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Montana Stream Access Law
The Best in the West

MONTANA A.G. OPINION ON BRIDGE ACCESS

ATTORNEY GENERAL RULES

During the 1990's there was a great deal of controversy about access to streams at bridges. In reaction to this , MT Fish Wildlife and Parks requested an opinion from the Attorney General about the legality of recreational access at bridges. The following are exerpts from the opinion issued by the A.G. (A.G. opinions have the force of law until overturned by legislation or court decision. Bills to put the opinion into law were defeated in both the 2005 and 2007 legislative sessions. )


May 26, 2000
Mr. Patrick Graham, Director
Department of Fish, Wildlife and Parks
Mr. Robert R. Zenker
Madison County Attorney

Dear Mr. Graham and Mr. Zenker:

You have requested my opinion on the following question:

May a member of the recreating public gain access from the right-of-way of a public road at a bridge crossing to a stream or river between the ordinary high-water marks?

Your opinion request evolved through a series of controversies between the recreating public and riparian landowners along the Ruby River in Madison County. Recreationists assert that they may use county road bridge crossings as access points to fish and float the Ruby River. Individual landowners have asserted that the public does not have access, and have requested that local law enforcement and the wardens employed by the Department of Fish, Wildlife and Parks cite the public for trespass when the recreationists gain access to the Ruby through the use of bridge crossings. You are seeking guidance as to whether the game wardens and local law enforcement should cite the recreating public for trespass.

HELD:

1. Use of a county road right-of-way to gain access to streams and rivers is consistent with and reasonably incidental to the public's right to travel on county roads.

2. A bridge and its abutments are a part of the public highway, and are subject to the same public easement of passage as the highway to which they are attached. Therefore, the public may gain access to streams and rivers by using the bridge, its right-of-way, and its abutments.

3. A member of the public must stay within the road and bridge easement to gain access to streams and rivers. Absent definition in the easement or deed to the contrary, the width of a bridge right-of-way easement is the same as the public highway to which it is attached.

4. Access to streams and rivers from county roads and bridges is subject to the valid exercise of the county commission's police power and its statutory power to manage county roads.

5. Access to streams and rivers from county roads and bridges created by prescription is dependent upon the uses of the road during the prescriptive period.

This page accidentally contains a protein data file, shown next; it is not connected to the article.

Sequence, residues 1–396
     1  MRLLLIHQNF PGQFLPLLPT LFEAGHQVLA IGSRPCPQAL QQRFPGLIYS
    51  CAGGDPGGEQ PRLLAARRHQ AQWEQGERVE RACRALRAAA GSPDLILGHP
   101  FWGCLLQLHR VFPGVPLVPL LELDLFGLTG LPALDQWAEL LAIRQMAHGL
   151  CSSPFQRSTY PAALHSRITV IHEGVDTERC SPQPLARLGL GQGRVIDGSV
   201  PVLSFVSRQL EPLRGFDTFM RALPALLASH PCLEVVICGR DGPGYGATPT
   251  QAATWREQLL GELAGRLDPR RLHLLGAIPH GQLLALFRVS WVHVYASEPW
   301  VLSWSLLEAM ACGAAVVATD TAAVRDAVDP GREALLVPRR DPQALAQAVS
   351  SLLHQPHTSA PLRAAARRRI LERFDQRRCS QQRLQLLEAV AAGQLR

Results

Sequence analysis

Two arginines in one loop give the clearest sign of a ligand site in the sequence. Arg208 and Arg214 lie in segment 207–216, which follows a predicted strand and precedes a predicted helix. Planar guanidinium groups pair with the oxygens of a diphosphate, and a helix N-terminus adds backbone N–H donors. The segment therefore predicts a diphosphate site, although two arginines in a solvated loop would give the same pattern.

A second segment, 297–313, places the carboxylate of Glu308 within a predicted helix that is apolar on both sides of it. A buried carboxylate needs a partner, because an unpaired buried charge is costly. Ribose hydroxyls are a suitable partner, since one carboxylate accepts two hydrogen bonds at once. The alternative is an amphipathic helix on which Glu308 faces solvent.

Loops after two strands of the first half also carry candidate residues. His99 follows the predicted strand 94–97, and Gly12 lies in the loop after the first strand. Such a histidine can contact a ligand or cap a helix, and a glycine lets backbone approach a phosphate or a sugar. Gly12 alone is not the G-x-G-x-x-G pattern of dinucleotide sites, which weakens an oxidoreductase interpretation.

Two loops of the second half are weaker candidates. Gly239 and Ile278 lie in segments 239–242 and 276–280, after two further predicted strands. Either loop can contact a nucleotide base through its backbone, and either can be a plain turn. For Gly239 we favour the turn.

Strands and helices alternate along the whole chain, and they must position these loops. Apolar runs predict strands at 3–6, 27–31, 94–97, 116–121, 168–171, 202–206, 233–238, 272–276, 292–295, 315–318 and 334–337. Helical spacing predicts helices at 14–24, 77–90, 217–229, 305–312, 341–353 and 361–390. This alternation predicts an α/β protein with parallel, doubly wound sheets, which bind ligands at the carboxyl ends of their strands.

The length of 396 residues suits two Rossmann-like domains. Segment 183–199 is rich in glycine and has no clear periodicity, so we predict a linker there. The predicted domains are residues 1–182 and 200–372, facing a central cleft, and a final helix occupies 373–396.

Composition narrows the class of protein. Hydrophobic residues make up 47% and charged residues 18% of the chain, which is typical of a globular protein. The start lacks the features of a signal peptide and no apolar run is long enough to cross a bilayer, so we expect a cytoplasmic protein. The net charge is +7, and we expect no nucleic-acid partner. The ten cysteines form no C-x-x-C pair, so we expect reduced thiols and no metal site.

THE FULL TEXT OF THE OPINION IS AVAILABLE IN THE LINK BELOW :






related articles

Ruby River Stream Access Victory
( 07/01/2016 )   7/1/2016PLWA, once again, has been victorious in the battle for the public's stream access on the Ruby River, from the Seyler Lane Bridge, likely the original stagecoach route from Salt Lake City, north to Virginia City and Helena.It has been over a decade that PLWA (formerly known as PLAAI) has been involved in a lawsuit over public access to the Ruby River from Seyler Lane and the Seyler Bridge, a public prescriptive easement right-of-way in Madison County.

"Dark Money" Brought to Light
( 07/01/2016 )   The June-July, Newscasts section of Fly Fisherman reported on the recent investigation by Montana's Commissioner of Political Practices, Jonathan Motl, into a dark money campaign that could overturn Montana's Stream Access.Fly Fisherman recounted the Montana Growth Network's campaign contributions to District Judge Laurie McKinnon's run for our Montana Supreme Court.

public land issues

Seyler Lane Update
9/24/2015Seyler Bridge Easement - More Than Just RecreationUpdate - Kennedys attorney requested a postponement of the September 21 hearing.

Tenderfoot - Four Years and Counting
9/24/2015Tenderfoot Creek is a tributary of the Smith River, joining the Smith a mile or so north of Camp Baker.


    18 more public land issues





Public Land/Water Access Association Inc. or PLWA, is a citizen group organized and operated under the Montana nonprofit corporation act.

TERMS OF USE
Articles and Information on this site represent the opinion of the writer and are not intended as legal advice. Legal counsel may be needed in dealing with specific access situations and issues.
     
      PLWA.ORG   -   Public Land & Water Association